Caring Transitions® has completed a rigorous corporate training program in addition to our own field expertise.  We employ regular W-2 employees, all of whom are corporately trained and subject to a security background screening. Staffing will be discussed with you as the size of the sale is determined. Our office is also accountable to a parent corporation and must meet all professional standards including liability insurance, worker’s compensation, corporate oversight on legal matters, industry training and independent industry certification.

How do you Choose a Mover That’s Best for Your Move?

 Posted by Sherri Gillette on May 13, 2015 at 7:18 PM

Caring Transitions manages everything before and after the moving van drives away, but…

“How do you Choose a Mover That’s Best for Your Move?”

By the American Moving and Storage Association

Are you getting ready to move? Worried about what could go wrong? Well, the answer is “a lot!”–especially if you try to do it all yourself.

“Do it yourself” costs can add up quickly, from truck and equipment rental, to boxes and tape, to fuel for your truck, and more. Not to mention the possibility of seriously injuring yourself or someone you love from lifting heavy furniture, or the worry and hassle of being responsible for everything that goes wrong.

That’s why hiring a professional mover — a ProMover — is  a smart decision that saves you time and effort while providing the best protection for your household goods or business assets.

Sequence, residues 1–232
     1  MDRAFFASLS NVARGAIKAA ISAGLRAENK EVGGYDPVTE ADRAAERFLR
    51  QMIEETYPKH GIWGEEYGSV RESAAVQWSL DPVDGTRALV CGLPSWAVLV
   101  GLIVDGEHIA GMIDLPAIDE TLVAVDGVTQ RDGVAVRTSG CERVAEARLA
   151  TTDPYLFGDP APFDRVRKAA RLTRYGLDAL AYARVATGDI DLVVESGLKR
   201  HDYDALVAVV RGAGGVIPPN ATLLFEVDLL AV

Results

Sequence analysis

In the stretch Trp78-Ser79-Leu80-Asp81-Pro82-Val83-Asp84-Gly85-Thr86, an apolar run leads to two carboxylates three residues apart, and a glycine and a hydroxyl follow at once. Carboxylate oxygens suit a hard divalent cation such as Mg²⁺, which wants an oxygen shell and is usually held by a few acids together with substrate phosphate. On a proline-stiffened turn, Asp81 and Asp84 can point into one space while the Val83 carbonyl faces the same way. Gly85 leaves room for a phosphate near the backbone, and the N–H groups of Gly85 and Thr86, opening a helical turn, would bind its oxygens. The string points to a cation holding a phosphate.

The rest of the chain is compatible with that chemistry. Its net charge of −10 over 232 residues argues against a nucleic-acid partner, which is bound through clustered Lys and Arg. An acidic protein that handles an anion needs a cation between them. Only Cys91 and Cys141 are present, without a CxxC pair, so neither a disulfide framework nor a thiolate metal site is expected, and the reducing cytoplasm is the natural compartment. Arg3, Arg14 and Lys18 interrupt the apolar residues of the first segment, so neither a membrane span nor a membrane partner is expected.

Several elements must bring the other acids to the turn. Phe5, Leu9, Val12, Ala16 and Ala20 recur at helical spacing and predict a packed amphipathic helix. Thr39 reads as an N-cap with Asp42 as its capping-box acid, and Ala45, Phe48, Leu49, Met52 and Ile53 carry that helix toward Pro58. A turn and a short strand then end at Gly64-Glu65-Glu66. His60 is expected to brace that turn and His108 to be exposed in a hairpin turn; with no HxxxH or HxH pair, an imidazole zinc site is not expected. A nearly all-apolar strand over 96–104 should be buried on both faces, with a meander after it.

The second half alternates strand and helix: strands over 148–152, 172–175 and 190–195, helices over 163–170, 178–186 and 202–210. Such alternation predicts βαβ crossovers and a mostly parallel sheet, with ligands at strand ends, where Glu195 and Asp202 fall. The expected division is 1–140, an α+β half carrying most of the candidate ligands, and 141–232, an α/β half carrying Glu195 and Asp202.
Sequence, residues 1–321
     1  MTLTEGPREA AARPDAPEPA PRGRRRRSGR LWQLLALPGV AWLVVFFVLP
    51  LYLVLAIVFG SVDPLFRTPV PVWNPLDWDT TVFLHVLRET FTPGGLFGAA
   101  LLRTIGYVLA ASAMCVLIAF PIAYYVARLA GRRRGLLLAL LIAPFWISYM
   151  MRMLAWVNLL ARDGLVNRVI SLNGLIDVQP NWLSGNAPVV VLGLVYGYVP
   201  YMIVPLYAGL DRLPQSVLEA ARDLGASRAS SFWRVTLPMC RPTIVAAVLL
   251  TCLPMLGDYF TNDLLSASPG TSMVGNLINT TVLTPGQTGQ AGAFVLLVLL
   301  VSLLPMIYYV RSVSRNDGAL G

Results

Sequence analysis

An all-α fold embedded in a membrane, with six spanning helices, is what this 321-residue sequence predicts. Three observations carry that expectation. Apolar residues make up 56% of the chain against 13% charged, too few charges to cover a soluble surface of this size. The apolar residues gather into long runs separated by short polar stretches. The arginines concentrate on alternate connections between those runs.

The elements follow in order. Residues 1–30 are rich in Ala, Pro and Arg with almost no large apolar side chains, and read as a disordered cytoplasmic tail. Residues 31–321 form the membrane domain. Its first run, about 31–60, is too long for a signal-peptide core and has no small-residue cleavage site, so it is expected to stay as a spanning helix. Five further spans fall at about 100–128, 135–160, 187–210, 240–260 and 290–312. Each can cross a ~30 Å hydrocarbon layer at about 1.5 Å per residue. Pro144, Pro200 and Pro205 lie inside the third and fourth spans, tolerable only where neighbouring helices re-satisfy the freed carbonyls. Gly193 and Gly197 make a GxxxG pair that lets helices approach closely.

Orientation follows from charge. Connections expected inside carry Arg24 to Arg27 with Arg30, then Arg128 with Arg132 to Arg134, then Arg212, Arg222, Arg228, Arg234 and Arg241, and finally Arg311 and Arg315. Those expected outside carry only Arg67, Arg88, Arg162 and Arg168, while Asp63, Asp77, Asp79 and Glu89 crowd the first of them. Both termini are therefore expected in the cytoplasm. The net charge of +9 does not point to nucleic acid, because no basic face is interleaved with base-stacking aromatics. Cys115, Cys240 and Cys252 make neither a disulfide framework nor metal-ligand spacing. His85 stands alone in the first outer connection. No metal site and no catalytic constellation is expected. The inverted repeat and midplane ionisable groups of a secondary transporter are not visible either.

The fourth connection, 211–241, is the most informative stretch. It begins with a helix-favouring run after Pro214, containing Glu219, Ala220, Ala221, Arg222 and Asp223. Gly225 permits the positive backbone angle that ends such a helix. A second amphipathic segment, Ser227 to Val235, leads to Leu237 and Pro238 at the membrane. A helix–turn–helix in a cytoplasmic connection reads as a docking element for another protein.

ProMover takes the worry and hassle out of moving by helping you quickly and easily find a qualified, reputable mover near you. The program was also launched to fight back against moving company imposters — criminals pretending to be a moving company who are out to make a quick buck at your expense.

The American Moving and Storage Association verifies that all ProMovers are fully licensed and insured. We even go one step further to conduct a background check, and we review the company’s website to make sure they’re using proper advertising. The nearly 3,000 ProMovers are truly among the industry’s best, and they have committed themselves to honest and ethical business practices.

The ProMover program has been recognized by Consumer Reports, AARP, Angie’s List and the Better Business Bureau. In fact, the Council of Better Business Bureaus has said, “Consumers can rely on ProMovers to receive honest and reliable household goods moves.”

So what should you do before choosing a mover to avoid being scammed?

First, do some comparison shopping. Even if you are considering handling the move yourself, you should get at least three written, in-home estimates so you can make an informed decision. These are free estimates, so you have nothing to lose by inviting a mover into your home so you can find out if a professional move is the best option for you.

Make sure you show the mover everything that needs to be moved, from the attic to the basement, including any sheds, garages and storage areas. Avoid any unusually high or low estimates, and if someone says they can give you an estimate over the phone or by email, it’s possible you’re being scammed.

If the mover asks for a large down payment or full payment in advance, that also can be a warning sign. Consider a mover with a physical location near you, and ask if you can visit their facility.

Finally, read everything carefully and make sure you have it all in writing, along with copies of everything you sign. And don’t be afraid to ask questions about anything you don’t understand. If you’re not getting the answers you need, it may be time to talk to another mover.

Remember: it’s important to trust your possessions with a professional — a certified ProMover. For a wealth of tips and resources that can help you plan your move, and to find a ProMover, go to Moving.org.

©American Moving and Storage Association